A completed PhD investigating the geography of live music in Sydney and Melbourne between the 1980s and 2000s.
Hello and welcome back. Since my last blog post, the historical spatial database is now considerably more populated and I’m in the process of using all this gig listings data to produce maps of Melbourne and Sydney for use in interviews.
During interviews I’d like to hear participants’ off-the-cuff interpretations of what those maps represent, so rather than post them all up here now, I’ve included a sample set of maps from my own band, the Taylor Project.
We’ve been playing since 2007 and do seem to have a slight (read: total) bias against travelling south. We play in northern Victoria, and northern Melbourne. We also, unsurprisingly, live around these areas. However, I was a little taken aback to see the extent of this, as in the back of my mind I’d figured somewhere, sometime we must have played in St Kilda or something. But, no. We might as well have had those little bail-bond anklets on, giving electric shocks every time when went over the Yarra.
My initial interpretation of this is not that it represents an inherent dislike of, or from, any particular suburbs, but that it attests to the law of least resistance (though, ultimately, they are not unrelated concepts). We like playing gigs, indeed they are a core feature of what we do, but we’re not striving far afield, literally or figuratively, and we certainly don’t have an agency or a set of roadies. This set of day to day possibilities, lived over several thousand days, is rendered in plain (or plane) speaking maps. This initial interpretation also fits with a comment from my excellent test interviewee in January – one doesn’t want to add distance to the process of putting on gigs, as then it gets less and less like a party, and more like a kerfuffle. Plus the old “stumbling distance” rule of thumb holds a lot of weight too. I’m pretty sure I can see some ghost tram lines in there!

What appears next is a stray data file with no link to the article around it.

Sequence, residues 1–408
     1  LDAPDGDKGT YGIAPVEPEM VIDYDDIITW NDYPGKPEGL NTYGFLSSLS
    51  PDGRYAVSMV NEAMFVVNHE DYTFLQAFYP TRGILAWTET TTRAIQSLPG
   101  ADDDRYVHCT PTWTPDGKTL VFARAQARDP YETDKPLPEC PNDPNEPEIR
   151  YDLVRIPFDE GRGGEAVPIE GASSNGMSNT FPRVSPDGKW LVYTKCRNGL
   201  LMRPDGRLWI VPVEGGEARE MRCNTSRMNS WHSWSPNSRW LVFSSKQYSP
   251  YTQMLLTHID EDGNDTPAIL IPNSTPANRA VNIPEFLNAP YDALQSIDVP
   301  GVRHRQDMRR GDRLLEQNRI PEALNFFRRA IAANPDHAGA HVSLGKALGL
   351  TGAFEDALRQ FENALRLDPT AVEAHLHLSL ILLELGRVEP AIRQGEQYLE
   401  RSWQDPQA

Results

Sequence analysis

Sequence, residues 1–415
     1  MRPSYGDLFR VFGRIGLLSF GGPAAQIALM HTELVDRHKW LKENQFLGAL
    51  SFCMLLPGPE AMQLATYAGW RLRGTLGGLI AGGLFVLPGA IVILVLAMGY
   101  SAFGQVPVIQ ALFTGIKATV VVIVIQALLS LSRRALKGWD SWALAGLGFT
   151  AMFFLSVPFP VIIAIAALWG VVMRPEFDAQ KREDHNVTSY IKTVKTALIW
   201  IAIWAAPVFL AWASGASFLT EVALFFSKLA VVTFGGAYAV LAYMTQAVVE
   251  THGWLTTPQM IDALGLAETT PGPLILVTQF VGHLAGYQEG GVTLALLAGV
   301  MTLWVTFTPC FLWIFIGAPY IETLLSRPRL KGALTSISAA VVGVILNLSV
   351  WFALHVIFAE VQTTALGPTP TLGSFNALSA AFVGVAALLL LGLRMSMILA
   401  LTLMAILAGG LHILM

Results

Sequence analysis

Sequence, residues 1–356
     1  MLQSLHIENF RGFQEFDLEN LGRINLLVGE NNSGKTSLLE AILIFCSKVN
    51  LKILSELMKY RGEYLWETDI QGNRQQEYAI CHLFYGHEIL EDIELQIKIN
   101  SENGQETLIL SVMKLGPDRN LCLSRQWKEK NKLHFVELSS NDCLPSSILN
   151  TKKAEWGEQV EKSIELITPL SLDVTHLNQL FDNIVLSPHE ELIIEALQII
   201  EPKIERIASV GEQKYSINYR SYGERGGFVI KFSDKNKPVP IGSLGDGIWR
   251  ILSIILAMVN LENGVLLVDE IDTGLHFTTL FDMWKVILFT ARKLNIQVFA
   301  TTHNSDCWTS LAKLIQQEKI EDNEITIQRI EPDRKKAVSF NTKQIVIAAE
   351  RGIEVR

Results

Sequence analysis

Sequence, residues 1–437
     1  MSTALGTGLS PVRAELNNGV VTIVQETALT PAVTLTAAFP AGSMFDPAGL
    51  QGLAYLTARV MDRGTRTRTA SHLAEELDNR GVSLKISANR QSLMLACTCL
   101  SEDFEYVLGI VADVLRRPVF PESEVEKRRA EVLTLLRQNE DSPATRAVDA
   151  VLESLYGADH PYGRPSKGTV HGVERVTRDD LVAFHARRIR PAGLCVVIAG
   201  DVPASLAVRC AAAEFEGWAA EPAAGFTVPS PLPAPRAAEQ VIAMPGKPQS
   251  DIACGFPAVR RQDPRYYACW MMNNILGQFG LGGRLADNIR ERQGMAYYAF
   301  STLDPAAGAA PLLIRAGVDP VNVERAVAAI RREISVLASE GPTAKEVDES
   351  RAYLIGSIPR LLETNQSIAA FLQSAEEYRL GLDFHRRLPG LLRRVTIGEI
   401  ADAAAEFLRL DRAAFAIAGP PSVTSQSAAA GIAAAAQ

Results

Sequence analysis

Some of the significant venues seen below are now, sadly, no more. The Stork, The Empress, the East Brunswick among them. But others are still going strong. And there’s lots of perfectly nice venues that we just don’t play at – music scenes, after all, are relationships negotiated in place, not a static Stonehenge of venues. You might like to compare these maps with those presented in an older post on the Models and Boys Next Door, circa 1980, showing very different renderings of Melbourne.
If you know of some other publicly available “gigographies” then let me know. They can be fun to generate maps on.
Also a warning that these are low res, quickly produced maps. I hope they are still interesting and I’d love to hear your interpretations of what they say about the Taylor Project, and/or how they might compare to other bands.